“So the Champions will be chosen tonight,” Shauna began, gesturing excitedly as she always did, “and I am honestly so pumped. I was talking to these boys from Durmstrang, Trevor and Tierno, and they both entered! It would be so fun if I got picked with one of them. I really just can’t wait to see who—“


They reached the doors to the castle and Serena opened them with her wand, allowing Shauna to step inside first and keep talking. She knew a lot of people who were annoyed by Shauna’s constant conversation, but Serena loved to listen. Her best friend always had something new to say.


The Great Hall was full of students laughing and eating, and Serena and Shauna found a spot at the Gryffindor table next to Kenny and Zoey.


“Hey, Shauna,” Zoey acknowledged, “and Serena! Glad Shauna was able to get you inside,”


“Yeah, well, how could I say no?” Serena laughed.


They talked and caught up for a few minutes, and Serena grabbed a buttered roll from the basket, tearing it into neat pieces and popping one into her mouth.


“You guys excited for the Halloween feast?” Asked Kenny, his mouth full.


“First of all, swallow your food before speaking,” Zoey stopped him before he could continue, and Kenny nodded obediently. “Second of all, of course. I can’t wait to see the champions. I’ve got a bet with Candice, see? Solidad for Hogwarts champion. She thinks it’s going to be someone else, though.”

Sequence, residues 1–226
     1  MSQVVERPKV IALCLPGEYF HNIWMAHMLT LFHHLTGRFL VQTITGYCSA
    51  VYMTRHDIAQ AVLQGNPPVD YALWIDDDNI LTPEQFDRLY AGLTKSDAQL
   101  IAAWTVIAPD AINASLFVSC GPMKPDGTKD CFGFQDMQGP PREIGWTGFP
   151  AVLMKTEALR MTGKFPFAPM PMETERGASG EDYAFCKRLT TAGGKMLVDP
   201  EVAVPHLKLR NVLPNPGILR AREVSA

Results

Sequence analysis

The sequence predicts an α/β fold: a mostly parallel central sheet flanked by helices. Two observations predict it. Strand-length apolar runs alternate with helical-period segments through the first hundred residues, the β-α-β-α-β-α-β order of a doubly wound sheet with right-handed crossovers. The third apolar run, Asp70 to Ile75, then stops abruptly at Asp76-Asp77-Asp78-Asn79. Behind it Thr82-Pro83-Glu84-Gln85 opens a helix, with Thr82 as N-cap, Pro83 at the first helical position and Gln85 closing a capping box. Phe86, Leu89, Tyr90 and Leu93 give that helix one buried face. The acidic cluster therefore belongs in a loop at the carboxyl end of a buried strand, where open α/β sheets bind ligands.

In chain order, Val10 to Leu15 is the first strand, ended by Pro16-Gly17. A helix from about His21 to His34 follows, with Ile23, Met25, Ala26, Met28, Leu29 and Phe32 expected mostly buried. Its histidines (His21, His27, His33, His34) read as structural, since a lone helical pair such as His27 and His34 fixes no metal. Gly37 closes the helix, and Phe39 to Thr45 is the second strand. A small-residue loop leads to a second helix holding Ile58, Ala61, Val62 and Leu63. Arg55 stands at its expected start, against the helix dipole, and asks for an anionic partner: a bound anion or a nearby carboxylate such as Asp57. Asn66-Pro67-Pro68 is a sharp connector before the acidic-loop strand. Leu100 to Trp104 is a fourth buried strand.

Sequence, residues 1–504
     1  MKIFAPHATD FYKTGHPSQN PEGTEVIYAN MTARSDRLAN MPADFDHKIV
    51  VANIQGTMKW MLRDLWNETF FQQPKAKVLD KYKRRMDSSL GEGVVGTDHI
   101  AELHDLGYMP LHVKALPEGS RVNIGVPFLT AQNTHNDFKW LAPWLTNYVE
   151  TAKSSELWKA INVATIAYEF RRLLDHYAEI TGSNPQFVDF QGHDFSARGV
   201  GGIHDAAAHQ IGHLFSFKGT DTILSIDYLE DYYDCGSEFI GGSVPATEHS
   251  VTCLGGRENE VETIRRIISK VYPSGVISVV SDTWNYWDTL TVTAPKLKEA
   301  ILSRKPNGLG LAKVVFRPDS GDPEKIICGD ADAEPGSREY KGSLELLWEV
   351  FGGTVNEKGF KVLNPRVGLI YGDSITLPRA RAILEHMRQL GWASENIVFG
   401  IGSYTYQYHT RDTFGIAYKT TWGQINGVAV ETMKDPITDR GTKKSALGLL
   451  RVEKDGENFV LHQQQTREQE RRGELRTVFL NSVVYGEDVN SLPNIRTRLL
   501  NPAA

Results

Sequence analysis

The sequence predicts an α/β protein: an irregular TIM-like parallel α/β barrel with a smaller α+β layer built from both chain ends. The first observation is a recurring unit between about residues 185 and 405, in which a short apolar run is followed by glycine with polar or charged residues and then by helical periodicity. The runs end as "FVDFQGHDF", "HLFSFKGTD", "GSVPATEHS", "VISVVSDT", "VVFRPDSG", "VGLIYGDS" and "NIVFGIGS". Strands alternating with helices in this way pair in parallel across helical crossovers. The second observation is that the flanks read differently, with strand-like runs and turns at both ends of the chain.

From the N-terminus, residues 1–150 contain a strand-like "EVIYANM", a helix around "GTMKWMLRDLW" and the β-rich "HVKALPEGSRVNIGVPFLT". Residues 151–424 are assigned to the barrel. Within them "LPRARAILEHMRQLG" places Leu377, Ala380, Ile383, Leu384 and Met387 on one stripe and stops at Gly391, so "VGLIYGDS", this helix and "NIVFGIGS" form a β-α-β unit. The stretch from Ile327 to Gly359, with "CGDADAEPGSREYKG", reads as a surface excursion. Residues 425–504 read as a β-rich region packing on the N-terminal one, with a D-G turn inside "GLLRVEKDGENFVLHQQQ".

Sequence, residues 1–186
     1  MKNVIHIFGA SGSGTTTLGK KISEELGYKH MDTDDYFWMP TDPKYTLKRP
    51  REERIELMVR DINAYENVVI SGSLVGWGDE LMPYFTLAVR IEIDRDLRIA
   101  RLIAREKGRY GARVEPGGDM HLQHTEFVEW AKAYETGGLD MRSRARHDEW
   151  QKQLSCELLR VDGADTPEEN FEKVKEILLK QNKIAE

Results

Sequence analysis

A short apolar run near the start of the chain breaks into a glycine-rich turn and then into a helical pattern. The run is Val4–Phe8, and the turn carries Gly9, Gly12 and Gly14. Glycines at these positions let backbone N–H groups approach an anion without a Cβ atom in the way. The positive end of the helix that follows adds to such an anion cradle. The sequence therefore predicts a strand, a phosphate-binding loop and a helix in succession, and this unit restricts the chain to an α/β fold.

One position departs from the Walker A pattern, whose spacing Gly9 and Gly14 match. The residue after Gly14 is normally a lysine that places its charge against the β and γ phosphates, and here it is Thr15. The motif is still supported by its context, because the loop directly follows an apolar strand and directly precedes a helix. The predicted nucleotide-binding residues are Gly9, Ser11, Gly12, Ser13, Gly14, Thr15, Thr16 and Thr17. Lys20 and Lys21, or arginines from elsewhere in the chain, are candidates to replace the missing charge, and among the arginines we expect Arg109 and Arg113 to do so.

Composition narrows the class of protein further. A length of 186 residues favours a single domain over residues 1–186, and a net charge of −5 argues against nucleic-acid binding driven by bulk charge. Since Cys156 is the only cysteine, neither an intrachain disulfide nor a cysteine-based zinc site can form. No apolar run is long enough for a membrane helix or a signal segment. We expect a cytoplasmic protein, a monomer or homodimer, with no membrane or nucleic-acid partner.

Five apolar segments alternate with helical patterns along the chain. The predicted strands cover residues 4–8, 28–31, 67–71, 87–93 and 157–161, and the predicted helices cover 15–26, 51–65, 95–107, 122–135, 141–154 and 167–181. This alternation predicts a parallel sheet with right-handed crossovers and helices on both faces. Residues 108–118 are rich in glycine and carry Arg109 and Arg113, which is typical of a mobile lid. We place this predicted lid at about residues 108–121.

“Well, who does she think it’ll be?” Inquired Shauna.


But Serena wasn’t listening. She was watching a small group of blue-clad girls prance across the Great Hall, the one front and center looking at her perfectly manicured hands as she led the pack.  With a jolt, Serena realized that they were heading in her direction.


She jumped to her feet in front of them, earning confused looks from Kenny, Zoey, and Shauna. The leader of the little group, who Serena recognized as Melody, looked at her with a quizzical expression, and Serena winced at the cutting remark clearly forming in her head.


“Hi! I’m Serena, Ravenclaw prefect. I just wanted to let you guys know that if you need any help making your way around or getting anywhere, feel free to ask for my help!”


“Hey, you’re that friend of Gary’s!” Melody exclaimed, snapping her fingers, disregarding Serena’s statement without so much as a thank you. “Hm. What do you think, girls?”


Another girl stepped out from within their ranks, her periwinkle colored hair tied up behind a white bandeau. Serena thought that she was very pretty, and a twinge of jealousy shot through her at the sight of the girl’s perfect nose and eyelashes.


“Not bad bone structure,” said the girl, Miette, reaching forward to grab Serena’s face and turn it to the side. Serena had never felt so vulnerable before, and she could feel the eyes of Shauna on her, just waiting to see if the need to butt in arose. “Pretty blue eyes, nice styling of her uniform. It’s a yes from me,”


“What are you talking about?” Serena asked, her voice both curious and anxious.


“See, we were wondering if you wanted to come eat lunch with us in our carriage,” Melody smiled sweetly as Miette stepped back. “You seem kind, and we’d love to have you around. Whaddya say?”